If you’ve been asked for input on color and design for a commercial painting project in an office space or residence, you may want to recommend something more dramatic to wake up the space. One cool trick to try is shadow lines, which is another name for vertical or horizontal lines that can prove utile as well as decorative. Today we’ll take a look at different shadow line configurations and how these can work for different clients.
Horizontal striping can make rooms appear more spacious, which can be great for visually expanding smaller offices, conference rooms and waiting rooms. These also function as a handy tool to arrange art, work, white boards, shelving or awards. In schools, horizontal stripes can make it easy to align works for display, while also adding a fun and youthful element to the room. Offices that house creatives may like these to show off portfolio pieces, and they can even be used for a single accent wall to display company accolades or personal awards in a home office.
No doubt you know that vertical strips make rooms look taller and ceilings appear higher, but they can also lend a sophisticated air to a room. If your clients are interested in vertical stripes but are considering wallpaper to get this look, encourage them to go with painted stripes, instead. Here’s some ammunition – wallpaper is much more expensive than paint, and, if damaged, wallpaper is difficult to repair, whereas painted stripes can be rehabbed with touch-up paint. Additionally, wallpaper can be difficult to strip off in the long run if they do a redesign at a later date.
Narrow vs Wide Stripes
When you recommend stripes to your client, you’ll also need to recommend what thickness of stripe to use. Narrow accent stripes placed far apart give a totally different look, whether vertical or horizontal, than thicker stripes. Stripes also don’t have to take up the whole wall. For horizontals, you can do them down the height of the wall or just a few at the top or in the middle as an accent. For verticals, one or two gathered sets can be more stylized than measured out.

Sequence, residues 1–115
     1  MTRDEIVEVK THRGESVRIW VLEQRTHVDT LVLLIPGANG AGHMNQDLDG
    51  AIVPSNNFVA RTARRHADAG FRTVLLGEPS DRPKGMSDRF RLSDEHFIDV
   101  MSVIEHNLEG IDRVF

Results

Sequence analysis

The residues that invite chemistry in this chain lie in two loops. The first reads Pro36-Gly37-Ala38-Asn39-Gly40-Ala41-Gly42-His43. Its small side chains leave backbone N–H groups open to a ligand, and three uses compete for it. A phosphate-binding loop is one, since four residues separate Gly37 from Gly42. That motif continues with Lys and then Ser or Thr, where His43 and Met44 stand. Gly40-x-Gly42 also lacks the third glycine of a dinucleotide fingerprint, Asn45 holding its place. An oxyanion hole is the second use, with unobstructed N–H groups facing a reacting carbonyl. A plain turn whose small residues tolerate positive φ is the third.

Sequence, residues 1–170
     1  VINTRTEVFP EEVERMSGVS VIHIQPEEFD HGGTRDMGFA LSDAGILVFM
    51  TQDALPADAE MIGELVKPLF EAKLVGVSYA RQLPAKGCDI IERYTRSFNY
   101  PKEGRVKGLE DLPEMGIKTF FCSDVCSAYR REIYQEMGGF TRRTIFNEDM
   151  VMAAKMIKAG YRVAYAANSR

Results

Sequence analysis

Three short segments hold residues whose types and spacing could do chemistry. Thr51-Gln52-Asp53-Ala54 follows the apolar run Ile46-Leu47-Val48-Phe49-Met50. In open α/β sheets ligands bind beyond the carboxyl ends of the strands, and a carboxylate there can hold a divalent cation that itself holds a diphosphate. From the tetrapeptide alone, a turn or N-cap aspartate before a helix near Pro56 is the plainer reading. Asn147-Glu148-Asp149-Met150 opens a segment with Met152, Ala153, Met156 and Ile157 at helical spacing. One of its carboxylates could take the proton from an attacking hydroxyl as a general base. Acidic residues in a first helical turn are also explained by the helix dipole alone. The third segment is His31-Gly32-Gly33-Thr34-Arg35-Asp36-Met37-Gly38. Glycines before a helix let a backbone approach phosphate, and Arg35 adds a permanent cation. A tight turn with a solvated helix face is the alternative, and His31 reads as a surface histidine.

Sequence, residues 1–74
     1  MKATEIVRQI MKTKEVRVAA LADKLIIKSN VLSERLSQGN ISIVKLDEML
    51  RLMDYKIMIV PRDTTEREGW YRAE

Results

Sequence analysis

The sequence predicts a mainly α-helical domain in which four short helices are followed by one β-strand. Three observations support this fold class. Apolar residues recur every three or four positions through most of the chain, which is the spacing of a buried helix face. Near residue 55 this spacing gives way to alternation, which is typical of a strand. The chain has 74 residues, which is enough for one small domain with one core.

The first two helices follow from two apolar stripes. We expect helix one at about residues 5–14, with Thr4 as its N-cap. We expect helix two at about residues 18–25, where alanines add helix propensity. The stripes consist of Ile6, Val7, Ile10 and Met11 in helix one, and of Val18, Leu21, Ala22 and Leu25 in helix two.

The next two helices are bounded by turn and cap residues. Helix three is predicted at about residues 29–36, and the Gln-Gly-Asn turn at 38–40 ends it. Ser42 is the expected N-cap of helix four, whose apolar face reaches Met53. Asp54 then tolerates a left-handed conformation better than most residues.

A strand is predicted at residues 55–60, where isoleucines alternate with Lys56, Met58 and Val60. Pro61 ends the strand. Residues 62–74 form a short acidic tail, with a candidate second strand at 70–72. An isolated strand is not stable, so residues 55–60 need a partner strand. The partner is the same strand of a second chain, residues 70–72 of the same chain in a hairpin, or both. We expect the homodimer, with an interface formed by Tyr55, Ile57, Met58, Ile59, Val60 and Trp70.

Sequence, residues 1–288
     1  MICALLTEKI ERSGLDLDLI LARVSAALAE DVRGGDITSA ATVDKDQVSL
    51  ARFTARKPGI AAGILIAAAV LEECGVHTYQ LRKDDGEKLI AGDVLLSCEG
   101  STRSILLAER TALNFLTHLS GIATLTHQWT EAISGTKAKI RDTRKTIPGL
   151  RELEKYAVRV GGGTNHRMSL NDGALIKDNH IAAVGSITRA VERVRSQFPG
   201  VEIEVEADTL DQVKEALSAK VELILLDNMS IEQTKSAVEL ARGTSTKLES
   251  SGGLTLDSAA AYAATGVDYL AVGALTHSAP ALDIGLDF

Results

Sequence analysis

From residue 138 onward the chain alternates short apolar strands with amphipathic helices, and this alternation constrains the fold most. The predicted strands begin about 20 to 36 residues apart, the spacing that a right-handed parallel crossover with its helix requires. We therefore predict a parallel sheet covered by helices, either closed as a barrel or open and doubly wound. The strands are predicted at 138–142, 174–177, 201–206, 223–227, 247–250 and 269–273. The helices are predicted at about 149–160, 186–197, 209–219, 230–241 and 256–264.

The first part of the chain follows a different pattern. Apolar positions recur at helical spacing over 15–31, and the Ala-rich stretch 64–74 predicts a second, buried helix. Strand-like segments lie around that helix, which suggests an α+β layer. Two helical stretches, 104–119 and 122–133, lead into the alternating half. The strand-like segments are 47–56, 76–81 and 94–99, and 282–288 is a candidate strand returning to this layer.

High Contrast vs Low Contrast Stripes
Another important consideration is color combination. For a more subtle effect, you can use a base color and a slightly darker version of the same. As another subtle option, you can use matte finish for the undercoat and a glossier version for the accent stripe. If your client is looking for more splash, suggest a high contrast color scheme (think black and red, navy and white, tan and dark green, etc). High contrast plays better in smaller rooms or commercial spaces like restaurants or arcades, while low contrast can work more effectively in more conservative offices and homes.
Combining Stripes of Various Widths
You don’t have to use stripes of all the same width; in fact, you can use several different widths. For instance, you can use one larger stripe with smaller stripes of various widths around it, which offers an interesting, graphic effect. If you do combine stripes of various widths, though, you may not want to get too heavy handed and overuse the technique, or it could be visually overwhelming.
Quick Tips for Clean Lines
Getting clean lines can be tricky. If you’ve had this kind of project before, you may have noticed that even the most high-quality painter’s tape doesn’t produce a crisp line 100% of the time and perfect touch-ups can be nearly impossible. To get a better line: apply your base coat, then get your painter’s tape nice and level, press it down firmly, then reapply the base coat over the edge of your painter’s tape. Let it dry, then paint on your stripe. Remove the tape while the stripe is still a little wet. As an alternative, you can smear a thin line of paintable caulk along the edge of the tape or some clear glaze, then top with the base coat before applying the stripe.
When you do eye-catching projects like horizontal or vertical stripes, be sure to snap pictures to share on social media to show off your work and entice more clients. And be sure to check out these interior paint color trends for 2014 to see what’s hot when recommending a color palette for the striping project.